‘One important aspect of play is that it should ideally involve other members of the family unit to help a child’s physical and mental development. National Play Day encourages not just teachers and carers, but parents, relatives, siblings and communities to get involved and benefit from play, allowing multi-generational involvement. This level of interaction, with neighbours and children of different ages taking part was part of our culture before the invention of the television, whilst today it is a rare occurrence. National Play Day allows today’s children to celebrate the kind of healthy play, learning and integration that our culture once enjoyed.’
Social integration is not the only benefit to getting involved with National Play Day; with highly publicised child obesity figures steadily rising and becoming a public concern, the health aspect is worth noting. Director of the Centre for Sport and Exercise Research at Staffordshire University, Professor Davey says: ‘Research shows that active play is a natural instinct for young children as demonstrated by their urge to run, climb and jump in outdoor spaces. Such physical movements and play activities enhance muscle growth and support the growth of the child’s heart and lungs as well as all other vital organs essential for normal physical development.’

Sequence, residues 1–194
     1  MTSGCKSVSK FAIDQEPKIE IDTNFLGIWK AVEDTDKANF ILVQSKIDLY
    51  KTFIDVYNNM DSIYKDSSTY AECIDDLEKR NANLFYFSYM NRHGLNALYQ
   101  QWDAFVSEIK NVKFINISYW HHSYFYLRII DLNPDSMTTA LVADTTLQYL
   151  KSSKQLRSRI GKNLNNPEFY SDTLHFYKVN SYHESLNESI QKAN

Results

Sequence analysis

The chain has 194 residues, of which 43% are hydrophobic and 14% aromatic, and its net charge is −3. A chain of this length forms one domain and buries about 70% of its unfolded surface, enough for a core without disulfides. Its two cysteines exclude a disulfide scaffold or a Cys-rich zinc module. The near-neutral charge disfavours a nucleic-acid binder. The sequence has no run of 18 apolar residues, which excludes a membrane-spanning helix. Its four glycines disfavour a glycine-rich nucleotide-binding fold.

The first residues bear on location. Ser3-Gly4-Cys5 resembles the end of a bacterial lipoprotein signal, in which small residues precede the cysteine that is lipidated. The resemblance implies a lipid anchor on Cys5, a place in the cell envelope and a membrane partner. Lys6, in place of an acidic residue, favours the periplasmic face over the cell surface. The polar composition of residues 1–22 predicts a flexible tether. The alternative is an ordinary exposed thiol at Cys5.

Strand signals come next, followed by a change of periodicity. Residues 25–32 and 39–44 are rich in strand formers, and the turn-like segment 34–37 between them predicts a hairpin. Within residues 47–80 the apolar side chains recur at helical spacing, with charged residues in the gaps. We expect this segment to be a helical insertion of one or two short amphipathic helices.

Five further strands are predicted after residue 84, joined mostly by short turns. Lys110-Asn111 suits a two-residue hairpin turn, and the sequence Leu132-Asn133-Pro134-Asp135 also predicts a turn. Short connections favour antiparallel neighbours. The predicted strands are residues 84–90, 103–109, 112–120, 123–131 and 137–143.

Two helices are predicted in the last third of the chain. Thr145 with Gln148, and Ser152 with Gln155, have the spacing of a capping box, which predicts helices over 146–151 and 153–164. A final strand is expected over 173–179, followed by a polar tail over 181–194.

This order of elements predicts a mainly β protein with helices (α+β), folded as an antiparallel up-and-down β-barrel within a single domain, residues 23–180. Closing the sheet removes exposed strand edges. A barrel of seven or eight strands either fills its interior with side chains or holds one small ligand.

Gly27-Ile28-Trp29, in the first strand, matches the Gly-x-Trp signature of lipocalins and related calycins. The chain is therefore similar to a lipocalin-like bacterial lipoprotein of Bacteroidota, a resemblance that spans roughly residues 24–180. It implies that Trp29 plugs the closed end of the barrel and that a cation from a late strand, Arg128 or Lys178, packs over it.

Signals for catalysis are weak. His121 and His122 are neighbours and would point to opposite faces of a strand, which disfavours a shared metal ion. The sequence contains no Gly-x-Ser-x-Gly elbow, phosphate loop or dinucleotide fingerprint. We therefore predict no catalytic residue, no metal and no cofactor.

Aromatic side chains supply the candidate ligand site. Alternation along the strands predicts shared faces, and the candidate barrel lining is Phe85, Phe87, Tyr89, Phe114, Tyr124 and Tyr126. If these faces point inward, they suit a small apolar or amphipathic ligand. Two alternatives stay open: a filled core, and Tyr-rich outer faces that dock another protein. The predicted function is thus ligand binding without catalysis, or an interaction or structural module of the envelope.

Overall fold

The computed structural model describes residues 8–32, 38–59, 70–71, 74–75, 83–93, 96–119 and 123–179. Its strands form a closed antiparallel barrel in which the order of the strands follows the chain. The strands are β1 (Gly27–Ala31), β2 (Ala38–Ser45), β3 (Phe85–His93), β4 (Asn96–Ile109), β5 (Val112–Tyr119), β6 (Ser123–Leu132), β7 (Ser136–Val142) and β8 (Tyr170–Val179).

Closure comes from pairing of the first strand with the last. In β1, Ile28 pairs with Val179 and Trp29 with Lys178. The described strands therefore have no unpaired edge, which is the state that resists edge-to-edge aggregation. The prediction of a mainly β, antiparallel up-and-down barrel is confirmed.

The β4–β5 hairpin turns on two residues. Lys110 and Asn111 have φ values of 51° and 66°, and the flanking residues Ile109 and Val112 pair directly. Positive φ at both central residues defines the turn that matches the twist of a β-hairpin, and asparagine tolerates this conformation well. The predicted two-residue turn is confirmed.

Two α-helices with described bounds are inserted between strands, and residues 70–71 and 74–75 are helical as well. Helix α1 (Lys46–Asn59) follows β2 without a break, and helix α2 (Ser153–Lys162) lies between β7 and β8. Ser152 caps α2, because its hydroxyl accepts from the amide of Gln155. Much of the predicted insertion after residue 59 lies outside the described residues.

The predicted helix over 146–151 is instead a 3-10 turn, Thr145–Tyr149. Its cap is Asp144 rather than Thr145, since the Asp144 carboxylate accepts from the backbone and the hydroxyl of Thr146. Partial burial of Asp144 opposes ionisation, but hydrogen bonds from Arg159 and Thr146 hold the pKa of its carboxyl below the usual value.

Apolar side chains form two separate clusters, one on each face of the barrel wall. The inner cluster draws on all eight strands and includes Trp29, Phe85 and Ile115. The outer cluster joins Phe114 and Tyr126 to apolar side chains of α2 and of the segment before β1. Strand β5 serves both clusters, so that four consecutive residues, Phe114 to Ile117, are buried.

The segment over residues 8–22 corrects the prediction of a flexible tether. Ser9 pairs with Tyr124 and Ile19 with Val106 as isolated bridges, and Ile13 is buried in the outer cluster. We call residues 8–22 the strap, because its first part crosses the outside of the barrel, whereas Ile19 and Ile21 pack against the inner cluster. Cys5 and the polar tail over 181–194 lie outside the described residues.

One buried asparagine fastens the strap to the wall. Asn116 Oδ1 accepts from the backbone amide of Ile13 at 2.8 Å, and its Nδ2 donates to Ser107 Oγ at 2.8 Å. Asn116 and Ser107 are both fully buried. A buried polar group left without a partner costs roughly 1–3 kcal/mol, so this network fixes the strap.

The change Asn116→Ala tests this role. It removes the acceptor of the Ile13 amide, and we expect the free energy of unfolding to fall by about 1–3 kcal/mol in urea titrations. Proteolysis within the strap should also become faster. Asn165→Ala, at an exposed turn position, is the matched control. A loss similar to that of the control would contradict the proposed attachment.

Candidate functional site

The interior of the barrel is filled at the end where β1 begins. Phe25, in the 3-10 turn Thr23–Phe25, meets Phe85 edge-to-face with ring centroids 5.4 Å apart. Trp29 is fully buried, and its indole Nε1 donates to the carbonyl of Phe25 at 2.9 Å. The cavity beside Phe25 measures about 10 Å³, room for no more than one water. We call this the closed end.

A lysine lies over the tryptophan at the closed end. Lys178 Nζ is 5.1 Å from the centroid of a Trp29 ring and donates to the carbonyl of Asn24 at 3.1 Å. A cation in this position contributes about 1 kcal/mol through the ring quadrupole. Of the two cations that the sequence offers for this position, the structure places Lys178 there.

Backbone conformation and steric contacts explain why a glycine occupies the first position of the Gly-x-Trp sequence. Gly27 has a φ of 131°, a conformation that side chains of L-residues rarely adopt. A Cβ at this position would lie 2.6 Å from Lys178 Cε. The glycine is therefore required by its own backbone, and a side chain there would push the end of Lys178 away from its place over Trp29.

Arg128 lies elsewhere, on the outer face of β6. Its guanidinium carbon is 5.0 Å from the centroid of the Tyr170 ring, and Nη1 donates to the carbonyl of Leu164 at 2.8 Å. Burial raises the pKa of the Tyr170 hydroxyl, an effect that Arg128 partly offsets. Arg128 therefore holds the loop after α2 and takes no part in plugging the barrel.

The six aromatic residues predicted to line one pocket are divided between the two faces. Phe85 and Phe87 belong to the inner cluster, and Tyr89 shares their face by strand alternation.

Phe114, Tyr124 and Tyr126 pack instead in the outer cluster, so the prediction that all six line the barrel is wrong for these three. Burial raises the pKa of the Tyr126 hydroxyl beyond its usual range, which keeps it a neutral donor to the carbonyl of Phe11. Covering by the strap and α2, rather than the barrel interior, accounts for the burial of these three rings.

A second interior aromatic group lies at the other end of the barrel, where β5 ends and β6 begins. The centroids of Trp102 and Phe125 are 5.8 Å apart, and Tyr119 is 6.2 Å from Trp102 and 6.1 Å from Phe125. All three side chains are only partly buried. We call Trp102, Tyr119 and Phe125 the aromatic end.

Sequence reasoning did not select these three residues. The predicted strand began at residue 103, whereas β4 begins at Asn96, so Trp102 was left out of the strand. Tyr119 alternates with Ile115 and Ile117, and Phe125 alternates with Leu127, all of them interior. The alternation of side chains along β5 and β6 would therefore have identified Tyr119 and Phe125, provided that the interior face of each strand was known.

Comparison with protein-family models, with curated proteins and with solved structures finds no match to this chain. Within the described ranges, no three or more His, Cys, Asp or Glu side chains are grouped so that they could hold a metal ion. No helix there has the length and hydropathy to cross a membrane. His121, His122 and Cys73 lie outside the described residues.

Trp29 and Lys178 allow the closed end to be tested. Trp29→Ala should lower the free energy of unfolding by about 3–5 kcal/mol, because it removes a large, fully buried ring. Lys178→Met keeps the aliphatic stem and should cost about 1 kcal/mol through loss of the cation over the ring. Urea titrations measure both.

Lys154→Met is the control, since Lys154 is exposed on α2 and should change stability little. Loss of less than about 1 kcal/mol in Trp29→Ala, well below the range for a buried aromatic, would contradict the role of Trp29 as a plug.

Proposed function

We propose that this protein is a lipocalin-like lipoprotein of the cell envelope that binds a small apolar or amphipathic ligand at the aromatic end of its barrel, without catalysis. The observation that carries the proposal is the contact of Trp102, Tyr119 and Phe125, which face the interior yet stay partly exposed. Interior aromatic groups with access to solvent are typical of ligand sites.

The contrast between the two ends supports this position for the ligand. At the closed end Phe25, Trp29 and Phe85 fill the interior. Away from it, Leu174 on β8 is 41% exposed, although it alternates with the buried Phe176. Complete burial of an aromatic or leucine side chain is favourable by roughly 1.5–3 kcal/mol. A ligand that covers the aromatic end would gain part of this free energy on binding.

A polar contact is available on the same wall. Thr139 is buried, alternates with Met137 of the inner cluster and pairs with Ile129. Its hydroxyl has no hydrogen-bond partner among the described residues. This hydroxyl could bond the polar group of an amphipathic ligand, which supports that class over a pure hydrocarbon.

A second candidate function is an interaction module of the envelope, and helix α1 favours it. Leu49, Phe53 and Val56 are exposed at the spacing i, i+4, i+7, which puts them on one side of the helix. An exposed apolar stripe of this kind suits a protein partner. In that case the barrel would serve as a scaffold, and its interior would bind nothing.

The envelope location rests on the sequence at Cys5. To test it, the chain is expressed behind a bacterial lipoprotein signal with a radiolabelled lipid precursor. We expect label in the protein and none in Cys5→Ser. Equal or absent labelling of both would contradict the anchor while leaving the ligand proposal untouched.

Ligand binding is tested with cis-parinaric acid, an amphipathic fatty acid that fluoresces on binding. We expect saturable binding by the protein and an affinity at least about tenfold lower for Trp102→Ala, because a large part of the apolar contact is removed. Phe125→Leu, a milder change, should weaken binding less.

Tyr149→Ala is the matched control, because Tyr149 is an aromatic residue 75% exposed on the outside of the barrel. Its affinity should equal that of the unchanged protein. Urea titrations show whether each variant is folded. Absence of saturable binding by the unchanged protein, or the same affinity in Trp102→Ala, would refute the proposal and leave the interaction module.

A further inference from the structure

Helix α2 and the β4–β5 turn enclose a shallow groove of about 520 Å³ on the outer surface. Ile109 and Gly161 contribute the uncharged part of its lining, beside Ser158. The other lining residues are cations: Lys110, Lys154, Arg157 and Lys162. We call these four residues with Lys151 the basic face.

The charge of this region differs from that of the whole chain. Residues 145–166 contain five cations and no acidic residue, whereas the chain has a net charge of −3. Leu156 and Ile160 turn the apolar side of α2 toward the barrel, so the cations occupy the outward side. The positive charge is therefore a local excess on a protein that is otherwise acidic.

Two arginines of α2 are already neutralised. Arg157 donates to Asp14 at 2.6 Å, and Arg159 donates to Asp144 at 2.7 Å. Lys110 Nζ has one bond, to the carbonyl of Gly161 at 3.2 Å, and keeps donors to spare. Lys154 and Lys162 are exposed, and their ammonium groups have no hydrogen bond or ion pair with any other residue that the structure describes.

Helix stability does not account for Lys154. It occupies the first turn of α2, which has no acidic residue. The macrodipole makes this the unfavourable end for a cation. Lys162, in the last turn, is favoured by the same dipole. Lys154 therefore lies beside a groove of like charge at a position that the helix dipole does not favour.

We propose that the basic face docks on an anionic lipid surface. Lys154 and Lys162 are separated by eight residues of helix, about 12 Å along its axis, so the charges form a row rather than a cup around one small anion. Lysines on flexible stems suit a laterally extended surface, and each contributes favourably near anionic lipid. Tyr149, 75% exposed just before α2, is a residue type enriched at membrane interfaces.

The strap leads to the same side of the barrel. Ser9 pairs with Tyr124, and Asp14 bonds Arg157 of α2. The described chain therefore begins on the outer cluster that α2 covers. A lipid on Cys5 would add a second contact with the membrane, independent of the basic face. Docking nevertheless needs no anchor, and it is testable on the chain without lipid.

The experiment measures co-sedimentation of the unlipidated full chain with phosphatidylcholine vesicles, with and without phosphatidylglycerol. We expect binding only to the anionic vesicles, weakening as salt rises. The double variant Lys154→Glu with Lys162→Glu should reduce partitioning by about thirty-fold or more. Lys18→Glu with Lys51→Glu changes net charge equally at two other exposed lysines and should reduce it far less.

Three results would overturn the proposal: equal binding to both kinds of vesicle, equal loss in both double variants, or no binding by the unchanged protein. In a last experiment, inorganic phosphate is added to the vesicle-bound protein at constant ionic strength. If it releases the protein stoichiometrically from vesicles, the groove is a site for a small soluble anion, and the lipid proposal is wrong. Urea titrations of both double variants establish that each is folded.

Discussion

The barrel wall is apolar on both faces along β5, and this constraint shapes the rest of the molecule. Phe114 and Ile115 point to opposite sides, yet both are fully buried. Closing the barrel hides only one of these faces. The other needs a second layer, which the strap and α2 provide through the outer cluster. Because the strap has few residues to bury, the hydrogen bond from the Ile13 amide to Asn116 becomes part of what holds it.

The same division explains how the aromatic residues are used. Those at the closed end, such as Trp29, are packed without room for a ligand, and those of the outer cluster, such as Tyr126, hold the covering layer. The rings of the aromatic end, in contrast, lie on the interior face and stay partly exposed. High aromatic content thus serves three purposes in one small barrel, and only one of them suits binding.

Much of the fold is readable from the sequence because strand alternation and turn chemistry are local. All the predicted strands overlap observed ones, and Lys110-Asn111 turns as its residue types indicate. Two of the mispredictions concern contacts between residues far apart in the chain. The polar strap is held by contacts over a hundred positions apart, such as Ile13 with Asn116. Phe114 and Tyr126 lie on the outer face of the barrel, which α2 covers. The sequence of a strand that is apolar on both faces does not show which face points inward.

‘Of course where you live dictates what kind of event you can organise,’ Says Robin Harwood of Playground Imagineering. ‘If you’re lucky enough to live near the countryside or a wooded area, why not see if you can incorporate that into your event? Treasure hunts or hide and seek are ideal activities where children can have a sense of adventure at the same time as experiencing independence as they ramble through the greenery. Natural surroundings can often compliment and become outdoor play equipment when children’s imaginations are allowed to run freely.’
‘If you live in a predominantly urban area,’ says Robin Harwood. ’Some National Play Day events in the past have involved local schools allowing access to their own facilities from their communities, so as opposed to children only using the School playground equipment for the duration of a lunch break with their own class mates, they have an entire day to play with other kids of different ages from different schools, their parents and their neighbours.